…a moral relation between two individuals, one of whom has wronged the other, and who (at least in the ideal), are capable of communication with each other. In this ideal context, forgiveness requires reciprocity between injurer and injured. I shall reserve the term forgiveness for this moral relation. All parties to the discussion about forgiveness agree, so far as I can tell, that this is a legitimate context for the use of the term; and most take it as its paradigm sense, as shall I.

A further definition of forgiveness is ‘…first and foremost the foreswearing of revenge…and of the other abuses of resentment.’ This definition will be implicit throughout my argument, but not in the context of its application being restricted to the paradigm of ideal conditions proposed by Griswold.

Griswold also states that his inquiry is secular, however within that stated secularity he has constructed a dogma, a system of principles and tenets authoritatively laid down, as by a church. Failure to attain the requirements of these principles and tenets results, Griswold claims, in exclusion from the possibility of forgiveness: ‘Where none of the conditions is met, the threshold of what will count as forgiveness is not crossed; sadly, and painfully, in such cases we are either unforgiven, or unable to forgive,’ he claims.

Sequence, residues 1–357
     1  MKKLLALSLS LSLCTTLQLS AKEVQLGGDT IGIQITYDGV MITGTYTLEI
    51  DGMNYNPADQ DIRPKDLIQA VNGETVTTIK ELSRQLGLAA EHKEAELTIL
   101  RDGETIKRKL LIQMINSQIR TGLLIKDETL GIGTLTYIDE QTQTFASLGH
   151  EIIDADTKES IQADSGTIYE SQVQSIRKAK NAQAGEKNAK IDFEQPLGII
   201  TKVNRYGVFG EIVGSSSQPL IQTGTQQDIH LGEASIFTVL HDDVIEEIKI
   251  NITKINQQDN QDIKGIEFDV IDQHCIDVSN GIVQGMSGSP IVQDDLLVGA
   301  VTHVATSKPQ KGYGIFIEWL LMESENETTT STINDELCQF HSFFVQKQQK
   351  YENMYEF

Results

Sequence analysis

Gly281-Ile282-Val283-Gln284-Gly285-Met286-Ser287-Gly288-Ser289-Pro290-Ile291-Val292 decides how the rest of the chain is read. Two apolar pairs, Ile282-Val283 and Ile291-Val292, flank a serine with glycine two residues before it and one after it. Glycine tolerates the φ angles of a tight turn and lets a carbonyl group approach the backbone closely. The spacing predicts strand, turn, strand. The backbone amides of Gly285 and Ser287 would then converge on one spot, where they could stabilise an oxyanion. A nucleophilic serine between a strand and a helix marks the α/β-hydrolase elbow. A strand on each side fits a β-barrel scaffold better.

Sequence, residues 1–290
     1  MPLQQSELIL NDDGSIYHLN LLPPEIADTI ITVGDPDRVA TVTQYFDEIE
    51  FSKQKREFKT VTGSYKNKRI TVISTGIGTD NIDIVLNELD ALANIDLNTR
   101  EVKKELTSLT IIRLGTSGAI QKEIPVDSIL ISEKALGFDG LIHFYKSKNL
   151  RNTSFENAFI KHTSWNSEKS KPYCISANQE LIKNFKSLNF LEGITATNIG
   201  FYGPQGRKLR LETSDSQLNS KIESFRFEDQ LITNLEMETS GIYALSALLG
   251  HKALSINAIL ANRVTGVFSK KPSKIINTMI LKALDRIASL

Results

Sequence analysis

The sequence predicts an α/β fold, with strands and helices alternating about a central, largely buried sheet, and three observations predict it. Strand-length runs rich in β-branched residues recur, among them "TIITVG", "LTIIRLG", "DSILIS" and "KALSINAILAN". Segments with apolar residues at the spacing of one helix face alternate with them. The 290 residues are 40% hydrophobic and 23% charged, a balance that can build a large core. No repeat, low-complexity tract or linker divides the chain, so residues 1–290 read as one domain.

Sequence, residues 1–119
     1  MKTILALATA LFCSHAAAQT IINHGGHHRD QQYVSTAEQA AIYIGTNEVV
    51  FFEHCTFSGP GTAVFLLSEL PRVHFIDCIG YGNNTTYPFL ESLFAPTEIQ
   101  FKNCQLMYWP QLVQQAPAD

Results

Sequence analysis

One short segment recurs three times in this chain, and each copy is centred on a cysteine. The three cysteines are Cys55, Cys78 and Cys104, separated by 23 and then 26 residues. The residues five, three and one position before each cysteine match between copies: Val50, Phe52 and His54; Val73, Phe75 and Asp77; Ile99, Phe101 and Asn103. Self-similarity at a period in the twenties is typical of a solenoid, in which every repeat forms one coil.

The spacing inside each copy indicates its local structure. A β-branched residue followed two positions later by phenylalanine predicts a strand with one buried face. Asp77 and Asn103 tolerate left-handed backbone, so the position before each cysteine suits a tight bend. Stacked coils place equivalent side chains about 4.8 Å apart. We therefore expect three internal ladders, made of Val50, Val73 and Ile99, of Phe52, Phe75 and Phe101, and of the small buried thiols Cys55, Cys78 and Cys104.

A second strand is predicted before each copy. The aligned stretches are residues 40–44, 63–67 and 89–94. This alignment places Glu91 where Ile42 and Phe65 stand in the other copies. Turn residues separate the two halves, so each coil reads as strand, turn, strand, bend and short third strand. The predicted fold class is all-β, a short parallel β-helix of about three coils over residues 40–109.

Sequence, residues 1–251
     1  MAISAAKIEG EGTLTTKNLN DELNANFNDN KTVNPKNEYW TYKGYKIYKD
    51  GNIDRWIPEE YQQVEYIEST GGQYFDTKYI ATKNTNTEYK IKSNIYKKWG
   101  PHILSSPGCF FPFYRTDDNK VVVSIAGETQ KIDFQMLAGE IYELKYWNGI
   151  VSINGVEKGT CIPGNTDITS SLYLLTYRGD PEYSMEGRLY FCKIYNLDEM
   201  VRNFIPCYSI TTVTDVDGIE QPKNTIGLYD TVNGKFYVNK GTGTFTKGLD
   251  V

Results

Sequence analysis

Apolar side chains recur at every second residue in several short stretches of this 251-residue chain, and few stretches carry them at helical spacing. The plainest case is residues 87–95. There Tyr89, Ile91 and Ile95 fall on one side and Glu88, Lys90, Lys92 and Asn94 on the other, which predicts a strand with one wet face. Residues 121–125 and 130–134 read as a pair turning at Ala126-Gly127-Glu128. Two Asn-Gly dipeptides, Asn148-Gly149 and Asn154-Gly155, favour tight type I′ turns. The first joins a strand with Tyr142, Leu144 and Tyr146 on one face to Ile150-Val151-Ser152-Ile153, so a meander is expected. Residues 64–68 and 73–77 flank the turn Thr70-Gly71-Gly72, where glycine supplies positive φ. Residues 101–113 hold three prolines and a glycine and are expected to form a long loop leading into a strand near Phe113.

I explore the ramifications of this prohibition primarily from the perspective of the injured, and suggest that it is an extremely serious matter to cast either the injured or the injurer as beyond the ameliorating possibilities of forgiving and forgiveness, whether this is done under the umbrella of philosophy or religion.

I’m going to argue that the most appropriate context for discussions of forgiveness is within an embodied discourse of human rights. I’m also intrigued by what Judith Butler describes as the ‘…moral predicament that emerges as a consequence of being injured’ and from that argue that forgiveness is both a practical and an ethical necessity, and that it is the victim’s privilege, task and responsibility.

As well, I argue against Griswold’s belief that the perpetrator’s remorse is necessary for forgiveness. I also claim in opposition to Griswold that the attitude of perpetrators to their victims can and frequently must be irrelevant to the victim’s decisions about forgiveness.  We need a paradigm of forgiveness that is based in the embodied experiences of the injured, rather than defined as an abstract ideal to which the injured must aspire.

I don’t know what forgiveness is, though I’ve spent many hours thinking about it. Some say that it’s a state of grace that comes without announcement. Some say it’s a calm, in which there’s no ill will, and perhaps no thought at all. Some say it’s when you know something has ended and move on, without even really noticing